The TRIGR study is a multi-national clinical trial that is underway to determine whether a diet composed of hydrolysed infant formula, compared with regular cow’s milk-based formula, can inhibit the development of type 1 diabetes in children who have an increased genetic risk.
Type 1 diabetes occurs when the immune system attacks the insulin-producing cells (beta-cells) in the pancreas, resulting in a lack of insulin production necessary for conversion of glucose to energy. As a result, patients with type 1 diabetes must be given insulin either via injection or an insulin pump. While the cause of type 1 diabetes is unknown, scientific studies suggest that autoimmunity towards beta-cells is induced in early infancy, possibly by exposure to complex dietary proteins. Early research has suggested a role for cow’s milk proteins, since this is the first source of foreign food protein consumed by babies. In support of this, a reduction in the rate of type 1 diabetes was seen in animal studies that weaned to a diet of hydrolysed (broken down) proteins, compared to foreign, intact proteins.
A pilot study was designed to determine whether an intervention trial in which infants were weaned to either hydrolysed formula, or conventional cow’s milk-based formula would be feasible. A total of 242 newborns at high risk for developing type 1 diabetes were randomized to a control or treatment group. At the trial endpoint, type 1 diabetes-associated autoantibodies were measured. The pilot trial established not only the feasibility of the study but also, for the first time in humans, demonstrated evidence that dietary intervention could affect autoimmunity toward pancreatic beta-cell.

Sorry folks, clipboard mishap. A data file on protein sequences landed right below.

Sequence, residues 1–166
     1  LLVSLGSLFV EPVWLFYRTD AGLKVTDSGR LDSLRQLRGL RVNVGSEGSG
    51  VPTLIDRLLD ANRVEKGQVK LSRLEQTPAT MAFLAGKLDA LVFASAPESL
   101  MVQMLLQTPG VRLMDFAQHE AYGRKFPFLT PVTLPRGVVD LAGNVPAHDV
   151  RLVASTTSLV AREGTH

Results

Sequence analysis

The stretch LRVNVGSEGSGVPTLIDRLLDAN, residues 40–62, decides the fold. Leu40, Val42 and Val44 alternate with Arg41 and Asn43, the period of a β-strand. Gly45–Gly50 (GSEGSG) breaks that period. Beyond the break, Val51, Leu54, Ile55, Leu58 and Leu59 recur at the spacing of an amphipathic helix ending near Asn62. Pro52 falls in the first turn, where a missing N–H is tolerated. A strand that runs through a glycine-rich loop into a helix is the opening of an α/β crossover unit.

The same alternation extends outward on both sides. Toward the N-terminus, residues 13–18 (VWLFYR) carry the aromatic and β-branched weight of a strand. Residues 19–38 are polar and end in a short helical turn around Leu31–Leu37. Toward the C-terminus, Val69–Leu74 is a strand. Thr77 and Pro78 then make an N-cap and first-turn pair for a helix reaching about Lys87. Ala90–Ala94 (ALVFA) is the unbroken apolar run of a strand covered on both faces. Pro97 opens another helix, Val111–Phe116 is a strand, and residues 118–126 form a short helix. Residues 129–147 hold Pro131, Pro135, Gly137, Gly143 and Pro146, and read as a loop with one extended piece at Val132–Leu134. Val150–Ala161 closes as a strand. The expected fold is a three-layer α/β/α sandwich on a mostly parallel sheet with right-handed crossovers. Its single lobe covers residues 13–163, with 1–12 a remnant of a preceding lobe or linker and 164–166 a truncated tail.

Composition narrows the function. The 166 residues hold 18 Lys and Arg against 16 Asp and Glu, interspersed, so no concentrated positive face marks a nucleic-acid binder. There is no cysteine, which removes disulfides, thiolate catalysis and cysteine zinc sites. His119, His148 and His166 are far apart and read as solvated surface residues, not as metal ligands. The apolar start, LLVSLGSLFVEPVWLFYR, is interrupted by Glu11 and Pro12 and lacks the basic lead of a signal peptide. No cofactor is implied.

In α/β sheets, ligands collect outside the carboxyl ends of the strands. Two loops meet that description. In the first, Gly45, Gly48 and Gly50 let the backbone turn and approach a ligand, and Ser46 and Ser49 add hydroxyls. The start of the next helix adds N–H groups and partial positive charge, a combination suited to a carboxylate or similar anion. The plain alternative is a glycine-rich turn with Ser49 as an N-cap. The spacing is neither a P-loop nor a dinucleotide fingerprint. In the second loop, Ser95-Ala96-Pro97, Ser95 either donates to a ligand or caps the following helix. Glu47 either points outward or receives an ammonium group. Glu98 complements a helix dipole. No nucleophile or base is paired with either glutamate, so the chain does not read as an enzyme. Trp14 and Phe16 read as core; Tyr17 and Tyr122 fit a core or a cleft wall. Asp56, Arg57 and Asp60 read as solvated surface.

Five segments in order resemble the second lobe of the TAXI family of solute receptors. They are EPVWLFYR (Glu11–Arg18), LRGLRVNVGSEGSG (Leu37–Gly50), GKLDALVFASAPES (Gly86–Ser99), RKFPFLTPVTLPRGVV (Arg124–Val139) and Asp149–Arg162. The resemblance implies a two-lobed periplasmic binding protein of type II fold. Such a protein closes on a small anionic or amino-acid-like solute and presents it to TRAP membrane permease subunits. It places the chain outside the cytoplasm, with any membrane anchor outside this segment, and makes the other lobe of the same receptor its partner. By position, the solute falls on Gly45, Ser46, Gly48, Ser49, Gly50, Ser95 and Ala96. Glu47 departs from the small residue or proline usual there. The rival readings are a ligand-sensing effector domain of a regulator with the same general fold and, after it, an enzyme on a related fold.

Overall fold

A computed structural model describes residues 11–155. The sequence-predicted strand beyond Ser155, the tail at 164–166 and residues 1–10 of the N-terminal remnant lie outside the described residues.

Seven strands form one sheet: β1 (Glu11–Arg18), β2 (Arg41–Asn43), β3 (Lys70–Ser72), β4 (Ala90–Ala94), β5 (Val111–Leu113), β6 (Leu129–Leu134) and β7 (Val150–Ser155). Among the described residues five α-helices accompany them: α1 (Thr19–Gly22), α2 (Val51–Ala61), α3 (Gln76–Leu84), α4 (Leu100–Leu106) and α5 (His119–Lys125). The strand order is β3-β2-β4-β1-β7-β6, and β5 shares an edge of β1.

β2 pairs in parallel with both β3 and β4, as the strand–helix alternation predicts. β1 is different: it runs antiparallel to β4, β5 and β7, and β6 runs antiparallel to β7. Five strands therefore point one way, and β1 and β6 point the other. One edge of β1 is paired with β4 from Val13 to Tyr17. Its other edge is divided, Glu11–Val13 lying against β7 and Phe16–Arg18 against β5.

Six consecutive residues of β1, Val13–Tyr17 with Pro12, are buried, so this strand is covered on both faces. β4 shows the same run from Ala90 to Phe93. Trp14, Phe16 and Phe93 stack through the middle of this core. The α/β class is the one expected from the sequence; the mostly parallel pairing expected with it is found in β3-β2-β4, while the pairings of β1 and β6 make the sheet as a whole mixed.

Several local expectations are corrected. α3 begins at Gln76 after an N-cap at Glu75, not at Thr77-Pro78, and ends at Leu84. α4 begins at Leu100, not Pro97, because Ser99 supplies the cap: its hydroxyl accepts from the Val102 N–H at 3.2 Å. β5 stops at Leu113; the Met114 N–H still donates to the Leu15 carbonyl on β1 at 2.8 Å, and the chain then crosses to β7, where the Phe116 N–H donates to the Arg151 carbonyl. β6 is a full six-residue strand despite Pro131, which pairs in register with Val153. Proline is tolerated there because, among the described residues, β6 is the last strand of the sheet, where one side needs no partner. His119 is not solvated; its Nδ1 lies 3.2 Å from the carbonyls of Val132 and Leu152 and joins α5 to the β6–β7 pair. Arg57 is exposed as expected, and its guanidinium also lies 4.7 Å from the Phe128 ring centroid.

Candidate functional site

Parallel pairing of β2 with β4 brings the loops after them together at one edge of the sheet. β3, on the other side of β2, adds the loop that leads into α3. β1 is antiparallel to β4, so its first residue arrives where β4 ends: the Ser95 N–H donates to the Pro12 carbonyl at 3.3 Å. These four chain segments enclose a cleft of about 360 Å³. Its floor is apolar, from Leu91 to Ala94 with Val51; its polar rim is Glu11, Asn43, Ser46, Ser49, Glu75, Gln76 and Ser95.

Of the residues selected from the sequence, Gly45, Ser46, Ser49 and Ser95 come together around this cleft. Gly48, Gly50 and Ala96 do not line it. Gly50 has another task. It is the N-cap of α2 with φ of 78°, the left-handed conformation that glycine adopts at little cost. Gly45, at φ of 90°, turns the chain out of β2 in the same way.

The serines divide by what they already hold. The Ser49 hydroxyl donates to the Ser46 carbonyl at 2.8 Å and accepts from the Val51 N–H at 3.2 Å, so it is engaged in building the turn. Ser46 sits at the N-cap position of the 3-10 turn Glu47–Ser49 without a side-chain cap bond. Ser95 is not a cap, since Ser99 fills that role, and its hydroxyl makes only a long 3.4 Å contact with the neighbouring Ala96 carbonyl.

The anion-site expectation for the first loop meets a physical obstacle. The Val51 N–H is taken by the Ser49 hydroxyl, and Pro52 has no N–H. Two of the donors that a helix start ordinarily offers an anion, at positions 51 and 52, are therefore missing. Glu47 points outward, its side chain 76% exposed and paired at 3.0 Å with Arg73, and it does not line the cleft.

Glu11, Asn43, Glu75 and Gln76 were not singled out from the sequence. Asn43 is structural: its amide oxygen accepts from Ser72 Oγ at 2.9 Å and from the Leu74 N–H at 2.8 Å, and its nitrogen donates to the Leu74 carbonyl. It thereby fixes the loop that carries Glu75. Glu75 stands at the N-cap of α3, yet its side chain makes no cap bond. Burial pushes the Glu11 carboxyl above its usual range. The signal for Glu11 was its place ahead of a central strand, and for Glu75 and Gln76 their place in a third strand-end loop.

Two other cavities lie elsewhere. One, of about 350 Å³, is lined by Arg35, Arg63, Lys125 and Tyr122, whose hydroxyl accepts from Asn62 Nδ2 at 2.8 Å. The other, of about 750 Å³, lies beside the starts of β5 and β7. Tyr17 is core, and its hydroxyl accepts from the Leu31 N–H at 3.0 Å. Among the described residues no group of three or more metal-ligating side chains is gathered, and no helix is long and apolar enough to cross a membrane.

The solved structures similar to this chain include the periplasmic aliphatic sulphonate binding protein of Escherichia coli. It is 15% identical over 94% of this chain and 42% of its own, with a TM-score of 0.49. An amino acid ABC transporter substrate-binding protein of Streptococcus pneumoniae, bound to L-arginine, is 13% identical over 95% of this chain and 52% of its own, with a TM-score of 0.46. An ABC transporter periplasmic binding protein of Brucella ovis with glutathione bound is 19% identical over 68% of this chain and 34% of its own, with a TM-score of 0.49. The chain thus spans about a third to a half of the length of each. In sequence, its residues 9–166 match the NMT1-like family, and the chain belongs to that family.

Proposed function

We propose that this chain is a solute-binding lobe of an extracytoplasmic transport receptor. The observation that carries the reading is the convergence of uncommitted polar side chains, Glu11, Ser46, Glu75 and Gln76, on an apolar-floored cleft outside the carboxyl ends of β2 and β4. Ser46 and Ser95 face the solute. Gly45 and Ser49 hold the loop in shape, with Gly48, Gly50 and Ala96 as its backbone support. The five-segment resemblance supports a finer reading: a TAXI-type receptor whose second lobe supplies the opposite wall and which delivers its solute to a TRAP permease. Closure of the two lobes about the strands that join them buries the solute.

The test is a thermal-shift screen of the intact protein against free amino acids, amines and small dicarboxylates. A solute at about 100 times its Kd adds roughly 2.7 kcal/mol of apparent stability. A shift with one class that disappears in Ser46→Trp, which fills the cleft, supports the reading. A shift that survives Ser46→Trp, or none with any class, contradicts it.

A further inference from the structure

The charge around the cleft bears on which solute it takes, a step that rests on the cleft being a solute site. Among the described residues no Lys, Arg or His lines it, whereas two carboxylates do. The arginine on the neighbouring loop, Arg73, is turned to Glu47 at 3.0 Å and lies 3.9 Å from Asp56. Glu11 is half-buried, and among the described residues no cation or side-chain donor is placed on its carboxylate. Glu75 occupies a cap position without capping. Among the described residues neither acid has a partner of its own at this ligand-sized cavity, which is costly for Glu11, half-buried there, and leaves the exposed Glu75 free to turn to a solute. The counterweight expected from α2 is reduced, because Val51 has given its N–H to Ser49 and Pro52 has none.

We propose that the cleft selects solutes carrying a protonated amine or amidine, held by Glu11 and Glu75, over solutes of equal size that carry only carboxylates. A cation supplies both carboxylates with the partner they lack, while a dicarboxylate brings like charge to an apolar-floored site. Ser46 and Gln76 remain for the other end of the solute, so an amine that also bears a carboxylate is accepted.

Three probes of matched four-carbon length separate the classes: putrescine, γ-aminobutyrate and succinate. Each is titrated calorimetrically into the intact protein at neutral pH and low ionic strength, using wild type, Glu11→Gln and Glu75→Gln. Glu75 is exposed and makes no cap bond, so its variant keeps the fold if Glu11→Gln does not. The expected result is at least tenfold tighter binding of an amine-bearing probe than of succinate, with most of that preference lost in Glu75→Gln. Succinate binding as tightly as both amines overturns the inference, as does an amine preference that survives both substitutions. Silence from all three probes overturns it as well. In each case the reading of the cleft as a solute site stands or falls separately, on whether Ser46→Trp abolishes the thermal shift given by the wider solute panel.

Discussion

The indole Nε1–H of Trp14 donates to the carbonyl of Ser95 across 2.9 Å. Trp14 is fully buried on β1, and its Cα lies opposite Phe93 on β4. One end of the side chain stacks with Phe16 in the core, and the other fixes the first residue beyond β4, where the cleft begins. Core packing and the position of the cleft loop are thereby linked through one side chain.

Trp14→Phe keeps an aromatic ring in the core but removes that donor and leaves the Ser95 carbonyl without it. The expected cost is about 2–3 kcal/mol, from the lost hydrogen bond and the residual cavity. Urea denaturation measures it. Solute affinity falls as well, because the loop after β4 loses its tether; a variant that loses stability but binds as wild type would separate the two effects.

The TRIGR trial is now underway worldwide, with an objective to determine whether weaning to hydrolysed formula can reduce the incidence of type 1 diabetes in children who are at increased risk. With 2159 infants enrolled, the trial is being conducted in 78 centres within 15 countries, across three continents. While patient enrollment has come to an end, the TRIGR trial will continue until February 2017, when the youngest patient will be 10 years old. At this point, the participants will be assessed for autoantibodies associated with type 1 diabetes, in addition to the presence of clinical type 1 diabetes.
A report of preliminary data from the TRIGR study was recently published in the Journal of the American Medical Association. The study reported on the primary outcome of positive testing for at least two diabetes-associated autoantibodies. The results revealed that there was not a significant difference in the presence of autoantibodies between the control and the intervention groups at 7 years follow up. The results of this study are in contrast to the initial pilot study, in addition to preliminary data from the TRIGR study cohort in Finland, which each showed reduced autoimmunity in the intervention group when compared to the control group. While the reasons for the discrepancy between the studies is unknown, the authors state that it is important to continue to analyze the data until the study endpoint, incidence of clinical diabetes at 10 years of age.
Åkerblom, HK, Virtanen, SM, Ilonen J, Savilahti E, Vaarala O, Reunanen A, Teramo K, Hämäläinen, A-M, Paronen J, Riikjärv M-A, Ormisson A, Ludvigsson J, Dosch H-M, Hakulinen T, Knip M, National TRIGR Study Groups.
“Dietary manipulation of beta cell autoimmunity in infants at increased risk of type 1 diabetes: a pilot study” Diabetologia May 2005, Volume 48, Issue 5, pp 829-837
TRIGR Study Website: http://trigr.epi.usf.edu/about.html
Clinicatrials.gov“TRIGR – Primary Prevention Study for Type 1 Diabetes in Children at Risk” Available from:http://www.clinicaltrials.gov/ct2/show/NCT00179777?term=NCT00179777&rank=1 Last Accessed Sept 24, 2014.
Knip, M, Virtanen, SM, Seppä, K, Ilonen, J, Savilahti, E, Vaarala, O, Reunanen, A, Teramo, K, Hämäläinen, A-M, Paronen, J, Dosch, H-M, Hakulinen, T, Åkerblom, HK, for the Finnish TRIGR Study Group “Dietary Intervention in Infancy and Later Signs of Beta-Cell Autoimmunity” N Engl J Med 2010; 363:1900-1908
Knip, M,Åkerblom,HK, Becker, D, Dosch, H-M, Dupre, J, Fraser, W, Howard, N, Ilonen, J, Krischer, JP, Kordonouri, O, Lawson, ML, Palmer, JP, Savilahti, E, Vaarala, O, Virtanen, SM; for the TRIGR Study Group “Hydrolyzed Infant Formula and Early β-Cell Autoimmunity: A Randomized Clinical Trial”JAMA. 2014;311(22):2279-2287.
Image courtesy of Keerati at FreeDigitalPhotos.net
Written by Deborah Tallarigo, PhD